30 June marks the financial year-end for many Australian and New Zealand public and private companies, as well as Councils. With an ever increasing compliance burden, we have put together a practical check list for those entities that have exposure to financial instruments such as FX forwards, FX options and interest rate swaps. Those familiar with the international accounting standards understand the minefield that they are, with pages upon pages of text. We have boiled them down to five simple, practical and fundamental items.
Fair value (IFRS 13 / AASB 13)
IFRS 13 clearly states that valuations need to be an independent “exit price” for the transaction. It is hard to argue that a valuation from one of the counterparties to the transaction (i.e. the bank), constitutes an independent valuation, however, there are still many companies that rely on their bank for this information. Such reliance on the bank is understandable when the auditor accepts this approach, although we are seeing a much bigger push by the audit community to challenge companies on the lack of independence of a bank valuation given the bank is counterparty and valuer of the financial instrument. Historically there have been few economic alternatives to bank valuations, that is no longer a valid argument.
The most recent compliance requirement for companies using financial instruments is the adjustment to fair value for credit. IFRS 13 requires a Credit Value Adjustment (CVA) or Debit Value Adjustment (DVA) to all financial instruments. Financial institutions have been credit adjusting their own positions for years, however, the requirement has filtered down so that all parties to financial instrument transactions must calculate and apply a credit adjustment. There is a strong argument that it is overkill for companies using financial instruments to hedge their foreign exchange cashflows (payments/receipts) or debt using plain vanilla instruments to have to make CVA/DVA adjustments. There is little added-value to the company, there is a cost to calculate the adjustment and the number is often immaterial (still have to calculate the number to determine its immateriality, however). It is different if you are trading financial instruments or are using credit hungry instruments such as cross-currency interest rate swaps but auditors, as prescribed by the accounting standards, are (or should be) forcing all financial instruments to be adjusted by CVA/DVA. There is a multitude of approaches to calculating CVA/DVA from the complex (potential future exposure method) to the simple (current exposure method). For those using plain vanilla instruments such as FX forwards or interest rate swaps then a simple methodology is appropriate. It is worth noting that the movement in both FX rates and interest rates over the last 12 months means valuations have moved significantly over the last 12 months which results in higher, more material CVA/DVA adjustments.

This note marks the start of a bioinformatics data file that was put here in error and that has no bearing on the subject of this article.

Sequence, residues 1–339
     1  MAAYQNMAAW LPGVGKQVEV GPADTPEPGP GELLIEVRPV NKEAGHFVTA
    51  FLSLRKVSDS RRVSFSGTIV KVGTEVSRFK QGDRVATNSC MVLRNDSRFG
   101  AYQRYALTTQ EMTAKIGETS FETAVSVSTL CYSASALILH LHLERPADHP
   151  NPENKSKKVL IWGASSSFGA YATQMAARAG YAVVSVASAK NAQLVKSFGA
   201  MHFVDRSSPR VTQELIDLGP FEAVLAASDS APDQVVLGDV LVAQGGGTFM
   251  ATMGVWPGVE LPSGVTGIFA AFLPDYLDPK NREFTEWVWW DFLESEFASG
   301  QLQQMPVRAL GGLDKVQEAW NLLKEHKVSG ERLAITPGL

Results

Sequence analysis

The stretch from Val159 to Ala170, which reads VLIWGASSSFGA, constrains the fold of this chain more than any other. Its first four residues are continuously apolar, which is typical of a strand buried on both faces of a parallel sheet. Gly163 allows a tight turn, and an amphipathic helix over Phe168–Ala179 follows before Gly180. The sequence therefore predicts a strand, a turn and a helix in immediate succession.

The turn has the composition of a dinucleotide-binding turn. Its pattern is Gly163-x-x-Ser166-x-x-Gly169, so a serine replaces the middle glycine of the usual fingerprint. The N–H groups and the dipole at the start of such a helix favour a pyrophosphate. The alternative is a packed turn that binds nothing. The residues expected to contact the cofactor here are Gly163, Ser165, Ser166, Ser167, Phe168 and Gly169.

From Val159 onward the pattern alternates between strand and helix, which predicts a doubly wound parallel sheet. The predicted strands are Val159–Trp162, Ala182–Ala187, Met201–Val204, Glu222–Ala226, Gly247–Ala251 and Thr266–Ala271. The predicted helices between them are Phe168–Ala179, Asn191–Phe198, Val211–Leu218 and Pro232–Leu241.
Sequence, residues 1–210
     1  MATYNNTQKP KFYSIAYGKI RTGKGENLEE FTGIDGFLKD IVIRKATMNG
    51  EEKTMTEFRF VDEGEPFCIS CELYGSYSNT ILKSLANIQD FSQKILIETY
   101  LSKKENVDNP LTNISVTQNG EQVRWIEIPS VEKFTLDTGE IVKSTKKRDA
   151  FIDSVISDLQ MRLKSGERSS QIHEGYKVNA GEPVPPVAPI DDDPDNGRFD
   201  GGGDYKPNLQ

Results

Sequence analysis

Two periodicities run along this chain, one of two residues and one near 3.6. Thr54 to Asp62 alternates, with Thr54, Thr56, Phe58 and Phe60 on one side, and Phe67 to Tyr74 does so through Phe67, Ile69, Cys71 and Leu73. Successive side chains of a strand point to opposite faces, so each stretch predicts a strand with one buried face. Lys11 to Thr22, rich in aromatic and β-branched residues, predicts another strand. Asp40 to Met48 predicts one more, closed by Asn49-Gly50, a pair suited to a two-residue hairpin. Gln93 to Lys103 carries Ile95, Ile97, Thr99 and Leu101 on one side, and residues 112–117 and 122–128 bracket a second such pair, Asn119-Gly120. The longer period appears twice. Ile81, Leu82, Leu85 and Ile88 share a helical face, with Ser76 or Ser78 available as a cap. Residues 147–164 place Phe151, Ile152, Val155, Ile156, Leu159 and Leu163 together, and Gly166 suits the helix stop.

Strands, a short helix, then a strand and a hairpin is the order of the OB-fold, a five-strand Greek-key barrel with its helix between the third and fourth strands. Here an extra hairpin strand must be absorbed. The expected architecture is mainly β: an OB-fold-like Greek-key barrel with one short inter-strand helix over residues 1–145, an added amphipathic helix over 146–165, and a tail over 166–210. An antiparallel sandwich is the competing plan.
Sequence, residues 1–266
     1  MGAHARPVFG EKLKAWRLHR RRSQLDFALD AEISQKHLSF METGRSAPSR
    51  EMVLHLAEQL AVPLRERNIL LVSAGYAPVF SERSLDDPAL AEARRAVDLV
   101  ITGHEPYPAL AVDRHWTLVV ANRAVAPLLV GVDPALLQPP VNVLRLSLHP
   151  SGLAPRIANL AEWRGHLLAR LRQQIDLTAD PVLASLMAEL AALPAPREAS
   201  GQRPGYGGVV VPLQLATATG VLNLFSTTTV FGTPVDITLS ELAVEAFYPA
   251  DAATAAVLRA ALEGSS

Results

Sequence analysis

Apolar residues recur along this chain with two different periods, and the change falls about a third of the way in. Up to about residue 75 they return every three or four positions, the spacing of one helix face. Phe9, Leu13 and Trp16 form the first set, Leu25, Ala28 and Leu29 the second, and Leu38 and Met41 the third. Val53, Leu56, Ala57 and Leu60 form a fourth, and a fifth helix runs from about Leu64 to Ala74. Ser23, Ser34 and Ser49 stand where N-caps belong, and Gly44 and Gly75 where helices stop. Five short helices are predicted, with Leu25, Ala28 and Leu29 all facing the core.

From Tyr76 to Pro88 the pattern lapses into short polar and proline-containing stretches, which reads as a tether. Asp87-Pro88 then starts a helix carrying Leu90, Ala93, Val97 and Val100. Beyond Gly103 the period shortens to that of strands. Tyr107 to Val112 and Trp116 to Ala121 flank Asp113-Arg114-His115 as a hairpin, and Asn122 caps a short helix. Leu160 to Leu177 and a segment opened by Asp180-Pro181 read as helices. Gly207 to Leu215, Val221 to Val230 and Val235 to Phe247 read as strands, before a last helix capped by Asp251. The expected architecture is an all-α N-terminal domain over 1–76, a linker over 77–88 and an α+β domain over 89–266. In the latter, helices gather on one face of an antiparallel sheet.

As part of the notes to the accounts under IFRS 7 there is a requirement to include a sensitivity analysis for financial instruments. This is a “what if” scenario that requires the re-calculation of fair value if the underlying market data is flexed. Often a +/-10% movement in the spot rate is used for FX instruments and a +/-100bp parallel shift in the yield curve for interest rate instruments. In theory there should be some sense check applied to the probability of the movement occurring i.e. if interest rates are close to zero then there is a low probability of a -100 basis point adjustment in the curve. We see little evidence of this in practice.
One of the biggest headaches at year-end is for those hedge accounting. Hedge accounting was introduced for practical reasons – remove noisy P&L volatility from unrealised gains/losses on financial instruments and put these adjustments on the balance sheet instead. In the early days of hedge accounting the approach was complicated and expensive. As auditors and accountants understanding of hedge accounting has developed over time, the process of hedge accounting has become much less complex. The most important aspect is the documentation. The effectiveness testing aspect of hedge accounting is fairly straightforward, particularly when utilising a treasury management system. The replacement of IAS 39 by IFRS 9 (effective 1 Jan 2018) will make hedge accounting a little easier with the removal of the 80-125% bright line and removal of the requirement to split option valuations between time and intrinsic value.
Until IFRS 9 is effective (Jan 2018), companies hedge accounting for FX options (whether outright purchased options or in a collar relationship) must split the value of an option into its time and intrinsic components. The intrinsic value of an FX option is the difference between the prevailing market forward rate for the expiry of the FX option versus the strike price. The time value of an FX option is the difference between the overall FX option valuation and the intrinsic value. By definition, time value is a function of the time left to the expiry of the FX option. The longer the time to expiry, the higher the time value as there is a greater probability of the FX option being exercised. The intrinsic value goes to the balance sheet whilst the time value goes to P&L. Splitting time and intrinsic value is not too easy to do on the back of an envelope/spreadsheet, rather it is something that lends itself to be derived from a system.
Many companies try to complete the necessary compliance through using spreadsheets and bank valuations which is not only poor practice (valuations should be independent) but also error prone and time consuming. There are low cost systems available that can streamline, simplify and improve the ever increasing burden of year-end reporting requirements.
This article should not be taken as accounting advice but rather a practical guide and check list.